Sat Dec 22, 2012, 10:13 PM
UnrepentantLiberal (11,700 posts)
Syrian Christians Face Bleak Christmas
By James Brooke
Voice of America
Dec 22, 2012
Christmas trees and lights decorate this city on the eastern edge of the Mediterranean. As Christmas approaches, however, Syria's 2 million Christians are not celebrating. They are worrying. If an Islamist government replaces the secular government of Bashar al-Assad, they wonder what the future will be for Syria's religious minorities.
Daniel, an Armenian Orthodox, escaped from Syria three months ago with his wife and five children. "I had to come here. Because we as a Christian sect are targeted. Salafis and Muslim Brotherhood, and al-Qaida people, came and displaced us," he said.
Before the civil war, he said, Syria was a secular nation of religious tolerance. ”At the garage where I worked, there were Armenians, Christians, Muslims,” Daniel, a 48-year-old car mechanic, said. ”We ate together, I would go eat at their place. We would not ask if someone was Muslim or Christian.”
After Egypt, Syria has the second largest population of Christians in the Arab world - about 2 million people.
4 replies, 744 views
Syrian Christians Face Bleak Christmas (Original post)
Response to UnrepentantLiberal (Original post)
Sat Dec 22, 2012, 10:36 PM
leveymg (35,772 posts)
1. The latest UN report says Syrian war is turning into an ethnic cleansing and Muslim sectarian war
Tragically, this Administration allowed the United States to become a major part of the foreign intervention that is fueling religious warfare and crimes against humanity committed by the Sunni opposition forces we support. It's late in the game, but we can still reverse course and try to work out a diplomatic solution before this turns into full-fledged genocidal extermination.
The summary of the latest UN Human Rights Commission report released Thursday points out the increasingly sectarian nature of the civil war and the growing role of foreign fighters in human rights abuses:
Syria Commission of Inquiry releases new update
Arabic - French
GENEVA (20 December 2012) – The independent international Commission of Inquiry on Syria on Thursday released its latest periodic update, covering the period 28 September to 16 December 2012.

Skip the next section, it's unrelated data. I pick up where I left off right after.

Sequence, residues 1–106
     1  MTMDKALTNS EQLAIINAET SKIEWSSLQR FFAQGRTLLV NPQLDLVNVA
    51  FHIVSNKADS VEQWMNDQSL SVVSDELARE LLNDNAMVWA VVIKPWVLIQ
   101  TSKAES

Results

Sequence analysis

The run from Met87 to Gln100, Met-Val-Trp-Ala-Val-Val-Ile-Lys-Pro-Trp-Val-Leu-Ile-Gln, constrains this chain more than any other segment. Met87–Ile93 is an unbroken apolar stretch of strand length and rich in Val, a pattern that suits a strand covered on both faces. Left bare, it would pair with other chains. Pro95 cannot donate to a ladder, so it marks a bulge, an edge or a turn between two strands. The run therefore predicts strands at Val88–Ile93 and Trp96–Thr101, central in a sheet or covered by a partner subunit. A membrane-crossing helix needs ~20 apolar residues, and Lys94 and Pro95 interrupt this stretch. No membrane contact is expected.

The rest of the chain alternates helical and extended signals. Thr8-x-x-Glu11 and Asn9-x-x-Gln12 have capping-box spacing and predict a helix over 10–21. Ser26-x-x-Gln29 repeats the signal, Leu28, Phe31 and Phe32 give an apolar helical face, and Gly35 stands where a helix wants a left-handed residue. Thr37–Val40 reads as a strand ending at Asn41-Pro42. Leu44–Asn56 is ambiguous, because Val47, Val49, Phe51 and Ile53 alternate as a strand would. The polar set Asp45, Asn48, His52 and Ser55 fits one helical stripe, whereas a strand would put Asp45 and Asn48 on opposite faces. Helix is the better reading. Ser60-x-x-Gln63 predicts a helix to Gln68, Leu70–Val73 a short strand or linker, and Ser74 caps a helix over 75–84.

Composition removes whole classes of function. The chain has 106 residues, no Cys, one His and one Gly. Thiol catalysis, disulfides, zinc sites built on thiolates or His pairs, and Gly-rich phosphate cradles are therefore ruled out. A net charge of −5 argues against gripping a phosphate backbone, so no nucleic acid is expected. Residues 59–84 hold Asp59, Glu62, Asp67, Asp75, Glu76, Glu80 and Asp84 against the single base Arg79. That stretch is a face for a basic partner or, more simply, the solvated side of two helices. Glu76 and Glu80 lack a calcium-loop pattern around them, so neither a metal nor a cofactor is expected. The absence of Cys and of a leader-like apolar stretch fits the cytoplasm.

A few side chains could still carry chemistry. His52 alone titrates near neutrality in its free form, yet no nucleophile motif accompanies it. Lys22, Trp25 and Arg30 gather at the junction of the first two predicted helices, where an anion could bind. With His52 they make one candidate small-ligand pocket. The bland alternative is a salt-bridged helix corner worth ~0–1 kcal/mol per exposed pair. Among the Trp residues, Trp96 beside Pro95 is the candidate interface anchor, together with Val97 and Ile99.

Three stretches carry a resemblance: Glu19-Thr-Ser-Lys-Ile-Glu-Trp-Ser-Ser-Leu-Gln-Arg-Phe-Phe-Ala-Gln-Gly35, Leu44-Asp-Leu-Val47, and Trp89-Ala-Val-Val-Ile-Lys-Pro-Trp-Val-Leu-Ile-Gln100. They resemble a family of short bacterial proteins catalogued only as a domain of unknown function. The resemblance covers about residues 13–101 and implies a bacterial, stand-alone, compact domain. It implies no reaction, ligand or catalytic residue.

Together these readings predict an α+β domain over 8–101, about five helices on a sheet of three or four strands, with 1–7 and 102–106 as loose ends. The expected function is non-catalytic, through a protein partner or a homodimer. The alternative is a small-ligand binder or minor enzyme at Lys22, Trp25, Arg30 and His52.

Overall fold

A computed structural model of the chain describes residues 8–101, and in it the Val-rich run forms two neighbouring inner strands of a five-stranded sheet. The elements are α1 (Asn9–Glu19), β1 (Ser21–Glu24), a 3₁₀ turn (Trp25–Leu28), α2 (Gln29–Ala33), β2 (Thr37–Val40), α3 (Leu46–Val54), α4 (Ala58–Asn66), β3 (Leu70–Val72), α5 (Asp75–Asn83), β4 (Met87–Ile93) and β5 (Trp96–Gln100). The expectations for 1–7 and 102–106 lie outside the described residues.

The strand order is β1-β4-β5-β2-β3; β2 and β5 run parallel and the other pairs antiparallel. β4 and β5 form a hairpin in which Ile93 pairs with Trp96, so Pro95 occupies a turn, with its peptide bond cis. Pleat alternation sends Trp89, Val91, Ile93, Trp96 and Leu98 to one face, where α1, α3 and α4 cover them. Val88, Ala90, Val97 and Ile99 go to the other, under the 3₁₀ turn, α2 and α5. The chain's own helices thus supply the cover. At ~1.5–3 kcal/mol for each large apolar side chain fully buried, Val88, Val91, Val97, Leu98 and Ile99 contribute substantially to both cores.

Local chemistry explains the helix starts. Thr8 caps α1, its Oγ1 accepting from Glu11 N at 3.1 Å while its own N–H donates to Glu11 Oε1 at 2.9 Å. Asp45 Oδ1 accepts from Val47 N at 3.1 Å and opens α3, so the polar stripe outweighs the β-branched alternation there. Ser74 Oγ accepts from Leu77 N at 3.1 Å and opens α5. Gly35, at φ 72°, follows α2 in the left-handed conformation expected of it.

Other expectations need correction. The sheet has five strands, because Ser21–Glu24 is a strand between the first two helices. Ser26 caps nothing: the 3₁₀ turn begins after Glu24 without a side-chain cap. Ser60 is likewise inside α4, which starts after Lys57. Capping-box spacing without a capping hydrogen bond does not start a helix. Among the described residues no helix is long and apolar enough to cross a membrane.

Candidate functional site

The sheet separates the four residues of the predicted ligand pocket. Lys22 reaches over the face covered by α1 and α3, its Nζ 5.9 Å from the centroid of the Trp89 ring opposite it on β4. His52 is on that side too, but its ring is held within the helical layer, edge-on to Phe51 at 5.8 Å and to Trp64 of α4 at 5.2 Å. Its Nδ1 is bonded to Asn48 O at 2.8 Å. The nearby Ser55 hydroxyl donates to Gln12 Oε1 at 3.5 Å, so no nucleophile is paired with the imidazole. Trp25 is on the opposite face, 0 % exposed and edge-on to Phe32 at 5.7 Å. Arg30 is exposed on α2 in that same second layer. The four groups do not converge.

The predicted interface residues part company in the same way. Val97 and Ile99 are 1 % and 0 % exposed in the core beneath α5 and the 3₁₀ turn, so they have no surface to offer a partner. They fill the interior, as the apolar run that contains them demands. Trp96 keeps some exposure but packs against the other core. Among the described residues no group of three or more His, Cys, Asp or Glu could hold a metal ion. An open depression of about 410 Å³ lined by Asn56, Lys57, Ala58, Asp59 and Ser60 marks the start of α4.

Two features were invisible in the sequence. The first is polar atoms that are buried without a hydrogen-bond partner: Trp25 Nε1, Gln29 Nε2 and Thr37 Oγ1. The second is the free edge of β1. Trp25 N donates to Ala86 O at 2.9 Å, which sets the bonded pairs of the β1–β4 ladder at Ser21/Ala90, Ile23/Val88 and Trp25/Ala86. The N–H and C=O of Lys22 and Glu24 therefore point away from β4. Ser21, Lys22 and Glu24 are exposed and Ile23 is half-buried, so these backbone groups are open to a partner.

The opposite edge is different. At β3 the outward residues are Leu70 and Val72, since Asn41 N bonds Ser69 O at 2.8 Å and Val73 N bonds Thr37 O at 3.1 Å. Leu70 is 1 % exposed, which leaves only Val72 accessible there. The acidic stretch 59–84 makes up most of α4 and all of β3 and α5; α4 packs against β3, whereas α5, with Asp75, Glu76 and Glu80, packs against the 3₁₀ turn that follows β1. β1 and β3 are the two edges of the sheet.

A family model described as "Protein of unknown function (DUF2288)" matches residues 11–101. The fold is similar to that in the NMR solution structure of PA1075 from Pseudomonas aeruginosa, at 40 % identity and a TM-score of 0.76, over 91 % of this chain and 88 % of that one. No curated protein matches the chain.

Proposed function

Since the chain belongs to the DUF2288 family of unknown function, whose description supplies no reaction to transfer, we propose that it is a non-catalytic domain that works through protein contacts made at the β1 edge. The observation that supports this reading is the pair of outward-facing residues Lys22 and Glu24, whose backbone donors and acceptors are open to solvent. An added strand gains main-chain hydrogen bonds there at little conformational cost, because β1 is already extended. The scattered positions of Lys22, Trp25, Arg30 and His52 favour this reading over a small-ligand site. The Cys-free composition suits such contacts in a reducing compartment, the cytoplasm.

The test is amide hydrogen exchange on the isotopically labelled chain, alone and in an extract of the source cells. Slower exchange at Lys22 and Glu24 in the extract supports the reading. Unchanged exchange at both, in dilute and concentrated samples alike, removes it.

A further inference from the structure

The new 10-page update – the latest in a series of reports and updates produced by the Commission since it began its work in August 2011 -- paints a bleak picture of the devastating conflict and continuing international human rights and humanitarian law violations taking place in Syria.
It describes the unrelenting violence resulting in many thousands of dead and wounded, and also focuses on arbitrary detention and disappearances, huge displacement and the massive physical destruction in Syria. It describes how World Heritage sites have been damaged or destroyed, as well as entire neighbourhoods of several of the country’s biggest cities. Civilians continue to bear the brunt as the front lines between Government forces and the armed opposition have moved deeper into urban areas.
The Commission, which comprises Mr. Paulo Sergio Pinheiro (Chair), Ms. Karen AbuZayd, Ms. Carla del Ponte and Mr. Vitit Muntarbhorn, has been mandated by the United Nations Human Rights Council to investigate and record all violations of international human rights law. The Commission has also been tasked with investigating allegations of war crimes and crimes against humanity, and its mandate was recently expanded to include “investigations of all massacres.”
Although the Syrian Government has still not allowed the Commission to undertake investigations inside Syria, the Commissioners and their staff have interviewed a total of just under 1,200 witnesses and victims, including some 100 during the period covered by the latest update.